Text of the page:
# Length Contraction Calculator

Created by Miłosz Panfil, PhD
Reviewed by Bogna Szyk and Steven Wooding
Last updated: Jun 05, 2023

You might have heard about the concept of length relativity or length contraction. Whether you are already familiar with the phenomenon of length relativity or just taking your first steps in special relativity, this length contraction calculator will help you better understand relativistic effects and the length contraction equation. The length contraction is also known as Lorentz contraction.

💡 We also have other relativity calculators, such as the relativistic kinetic energy calculator and the gravitational time dilation calculator.

The length contraction is a relativistic phenomenon that a length of a moving object measures shorter than its length when measured at rest. This effect is only noticeable at enormous velocities.

The decision is to run with the ladder. From the point of view of a stationary observer, the ladder will then appear shorter and could fit in the garage.

However, the garage is moving for a person running with the ladder. Therefore its length is contracted, and it cannot accommodate the ladder. Who is right?

The resolution of the paradox comes from noticing that the ladder fits in the garage if the following two events happen at the same time:

1. The front of the ladder is in the garage.
2. The back of the ladder is in the garage.

But whether two events occur at the same time depends on the point of view. These two events might happen simultaneously for a person observing the scenario, and this person can claim that the ladder fits in. For a person running with the ladder, these two events do not happen at the same time, and the ladder does not fit in.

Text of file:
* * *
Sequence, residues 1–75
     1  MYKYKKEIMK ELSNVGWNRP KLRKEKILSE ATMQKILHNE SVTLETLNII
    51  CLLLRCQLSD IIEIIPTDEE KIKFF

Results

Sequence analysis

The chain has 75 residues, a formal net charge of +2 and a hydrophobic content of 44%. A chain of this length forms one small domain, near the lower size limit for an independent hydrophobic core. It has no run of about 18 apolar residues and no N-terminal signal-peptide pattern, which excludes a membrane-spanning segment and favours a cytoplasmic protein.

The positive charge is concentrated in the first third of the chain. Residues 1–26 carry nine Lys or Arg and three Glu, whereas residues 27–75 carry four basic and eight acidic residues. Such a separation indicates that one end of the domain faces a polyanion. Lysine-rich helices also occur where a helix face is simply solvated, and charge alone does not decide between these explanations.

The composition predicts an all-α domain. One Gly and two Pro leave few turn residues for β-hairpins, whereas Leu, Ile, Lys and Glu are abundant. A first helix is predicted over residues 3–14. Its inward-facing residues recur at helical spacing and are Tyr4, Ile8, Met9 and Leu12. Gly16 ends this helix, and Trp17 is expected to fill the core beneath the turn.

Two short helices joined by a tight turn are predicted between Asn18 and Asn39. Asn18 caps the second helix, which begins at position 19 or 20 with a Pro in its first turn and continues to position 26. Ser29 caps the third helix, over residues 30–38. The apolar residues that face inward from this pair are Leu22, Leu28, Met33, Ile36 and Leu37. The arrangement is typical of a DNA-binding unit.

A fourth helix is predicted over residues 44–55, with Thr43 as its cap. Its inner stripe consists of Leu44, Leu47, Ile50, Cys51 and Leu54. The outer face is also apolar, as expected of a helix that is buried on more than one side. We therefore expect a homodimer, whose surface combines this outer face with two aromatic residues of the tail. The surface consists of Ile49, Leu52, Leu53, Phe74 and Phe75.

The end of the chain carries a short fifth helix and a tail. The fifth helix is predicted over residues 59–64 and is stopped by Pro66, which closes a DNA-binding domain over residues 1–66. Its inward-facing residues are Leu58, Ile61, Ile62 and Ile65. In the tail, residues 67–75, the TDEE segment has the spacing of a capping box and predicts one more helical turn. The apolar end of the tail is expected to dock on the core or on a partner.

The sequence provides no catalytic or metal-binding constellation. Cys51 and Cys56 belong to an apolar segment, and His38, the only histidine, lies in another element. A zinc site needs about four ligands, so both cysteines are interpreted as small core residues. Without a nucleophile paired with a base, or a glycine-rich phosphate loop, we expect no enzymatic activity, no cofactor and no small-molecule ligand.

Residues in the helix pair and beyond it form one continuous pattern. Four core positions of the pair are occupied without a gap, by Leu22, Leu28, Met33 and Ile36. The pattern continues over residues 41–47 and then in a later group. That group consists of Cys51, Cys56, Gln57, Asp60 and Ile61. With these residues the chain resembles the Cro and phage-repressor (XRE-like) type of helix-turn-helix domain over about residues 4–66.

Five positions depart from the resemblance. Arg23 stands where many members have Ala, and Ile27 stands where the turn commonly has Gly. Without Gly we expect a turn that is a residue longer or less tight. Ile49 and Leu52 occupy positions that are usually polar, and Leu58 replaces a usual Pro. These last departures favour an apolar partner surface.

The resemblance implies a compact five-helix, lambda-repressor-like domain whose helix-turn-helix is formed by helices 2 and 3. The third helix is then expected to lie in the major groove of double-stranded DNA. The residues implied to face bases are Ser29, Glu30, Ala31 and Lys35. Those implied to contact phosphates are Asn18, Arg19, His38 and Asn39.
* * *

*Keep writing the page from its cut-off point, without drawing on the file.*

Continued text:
## Length contraction formula

How fast do you need to run to confuse your friends? You can calculate the length contraction with the following equation:

$\small L = \frac{1}{\gamma(v)}L_0 = L_0 \sqrt{1 - v^2/c^2},$

where:

• $L$ – Observed length of the object in motion;
• $L_0$ – Length of the object in its rest frame, also known as proper length;
• $v$ – Speed of the object;
• $c$ – Speed of light (299,792,458 m/s); and
• $\gamma(v)$ – Lorentz factor, defined as $\gamma(v) \equiv 1/\sqrt{1 - v^2/c^2}$.

Or you can use this length contraction calculator.

For the effect of length contraction to be noticeable, the speed must be very high – comparable to the speed of light. We do not have experience in our daily life with objects moving at such high velocities. That makes the effects of special relativity very counterintuitive.

The effects of length contraction are challenging to observe because, in addition to the high speed required, it is difficult to measure a length of an object moving with respect to us. However, there are indirect confirmations of the length contraction. For example, the Earth is bombarded with muons created in the upper atmosphere from collisions of cosmic rays with atoms.

Muons have an extremely short lifetime; they decay quickly into other elementary particles before reaching the Earth's surface. However, as they move with a velocity close to the speed of light, the distance from the upper atmosphere to the Earth's surface is (for them) contracted, and we can observe muons at Earth's surface.

If you want to learn about or calculate other effects of special relativity, try our E = mc2 calculator or time dilation calculator.

Miłosz Panfil, PhD
Proper length (L₀)
ft
Relative velocity (v)
mi/s
Observed length (L)
ft
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